I have been dabbling around with how to effectively track my clinicians’ time off. Starting in July, Chicago (where both my practice locations reside) requires employers to pay for sick time for it’s employees. For every forty (40) hours worked, employees accrue one (1) paid sick hour. Two thoughts happened when this law was enacted. One, it forced me to look at my system for how I can track clinician hours-Do I count time they spend marketing? Do I count time they spend doing notes? What about when they blog for the practice website? Time spent calling parents, schools, primary care doctors? Two, how do I convert a percentage to a dollar amount? Most group practice owners pay their clinicians a certain percent of collected payments. How do we convert that into a flat dollar amount for paying for vacation time, sick time, or whatever time off (if that is what you want or have to do)? These are all things to think about before starting to use this tracking spreadsheet. An employment attorney can help you see if you need to count these things towards hours worked or not. For example, I do not require marketing, so I do not count it towards hours worked (and towards paid sick time). Instead, they can market (or not!) and I have a bonus plan every six (6) months for clinicians who do the extra effort of marketing and blogging. Depending on how you have your practice set up, the requirements of your employees, you may or may not have to be paying for and counting towards worked hours.
It is good practice, even if you do not pay for any time off, to track your clinicians’ time off. This helps you see how much (too little or too much) time off your staff is taking, as well as notice if certain months have higher time off rates. So this spreadsheet is something I made that helps me track how many days each clinician takes off per month, as well as the ability to track sick (or vacation time) accruals.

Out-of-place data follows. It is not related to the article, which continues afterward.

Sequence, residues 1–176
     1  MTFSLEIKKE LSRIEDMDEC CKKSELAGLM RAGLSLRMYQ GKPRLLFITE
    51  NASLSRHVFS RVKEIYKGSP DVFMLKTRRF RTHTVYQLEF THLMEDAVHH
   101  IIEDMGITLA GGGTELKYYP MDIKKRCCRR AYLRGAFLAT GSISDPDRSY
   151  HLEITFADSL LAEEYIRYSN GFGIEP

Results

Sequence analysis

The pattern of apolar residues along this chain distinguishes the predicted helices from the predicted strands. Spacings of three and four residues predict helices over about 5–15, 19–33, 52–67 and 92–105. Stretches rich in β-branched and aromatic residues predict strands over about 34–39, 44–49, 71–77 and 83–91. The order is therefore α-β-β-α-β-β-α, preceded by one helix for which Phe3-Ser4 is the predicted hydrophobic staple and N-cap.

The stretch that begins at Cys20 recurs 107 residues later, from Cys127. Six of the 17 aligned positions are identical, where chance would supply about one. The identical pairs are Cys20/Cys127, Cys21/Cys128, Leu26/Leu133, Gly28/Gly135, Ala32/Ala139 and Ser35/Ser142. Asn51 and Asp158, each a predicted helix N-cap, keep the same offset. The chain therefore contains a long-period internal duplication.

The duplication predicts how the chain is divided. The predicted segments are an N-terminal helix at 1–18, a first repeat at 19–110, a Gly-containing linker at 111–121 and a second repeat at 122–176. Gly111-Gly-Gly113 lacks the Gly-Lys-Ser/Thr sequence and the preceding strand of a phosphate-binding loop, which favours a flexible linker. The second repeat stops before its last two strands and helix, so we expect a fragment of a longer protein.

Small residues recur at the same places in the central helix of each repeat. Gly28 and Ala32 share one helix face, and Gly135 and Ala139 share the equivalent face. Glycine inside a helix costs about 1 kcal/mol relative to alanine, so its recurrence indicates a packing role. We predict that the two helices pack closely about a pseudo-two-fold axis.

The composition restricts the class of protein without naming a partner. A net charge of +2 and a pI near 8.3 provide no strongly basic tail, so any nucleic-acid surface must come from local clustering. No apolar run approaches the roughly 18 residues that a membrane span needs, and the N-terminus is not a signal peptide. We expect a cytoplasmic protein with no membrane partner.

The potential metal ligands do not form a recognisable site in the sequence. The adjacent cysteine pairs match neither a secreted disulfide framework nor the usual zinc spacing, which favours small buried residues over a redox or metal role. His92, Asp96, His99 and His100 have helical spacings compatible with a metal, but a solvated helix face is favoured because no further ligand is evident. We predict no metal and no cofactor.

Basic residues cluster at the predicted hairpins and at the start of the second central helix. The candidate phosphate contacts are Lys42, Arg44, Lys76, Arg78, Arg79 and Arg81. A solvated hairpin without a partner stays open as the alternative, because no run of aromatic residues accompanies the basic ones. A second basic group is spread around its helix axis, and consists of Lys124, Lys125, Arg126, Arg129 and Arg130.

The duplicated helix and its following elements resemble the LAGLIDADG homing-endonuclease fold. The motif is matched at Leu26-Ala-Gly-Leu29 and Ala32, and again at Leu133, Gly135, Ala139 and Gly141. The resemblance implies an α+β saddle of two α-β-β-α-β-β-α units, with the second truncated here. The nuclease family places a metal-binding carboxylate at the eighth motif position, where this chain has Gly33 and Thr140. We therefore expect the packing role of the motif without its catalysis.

The way my time off tracker is set up, each month I fill in how many days each clinician took off, as well as how many hours they worked (my EHR has a report for that-I add any non clinical hours that I have decided counts towards their overall hours). The roll over tab is specific for calculating paid sick time. In that box, I put any amount of hours they worked that will roll over into the next month. What I mean is, for every 40 hours they work, I give them 1 hour of accrued sick time. If they work 56 hours in January, then I put 56 in the hours/month column and 16 in the rollover column (because 40 hours of that 56 go towards the accrued sick time, leaving 16 hours to go towards the next month’s hours worked). Make sense? You can use the ROLL OVER tab if your practice needs (or wants!) to calculate accruals. If not, delete that column (and the SICK HOURS EARNED column) and you’ll be all set to track hours worked and time off.
Note: I have put in SUM and SUBTRACTION equations in the SICK TIME ACCRUED and SICK TIME LEFT columns, so as you fill in the sick time each clinician earns each month, it will add it automatically into the SICK TIME ACCRUED column, and as they use sick time, it will automatically subtract the SICK TIME ACCRUED from the SICK TIME USED columns.
Maureen Werrbach is a psychotherapist, group practice owner and group practice coach. Learn more about her coaching services here: LEARN MORE HERE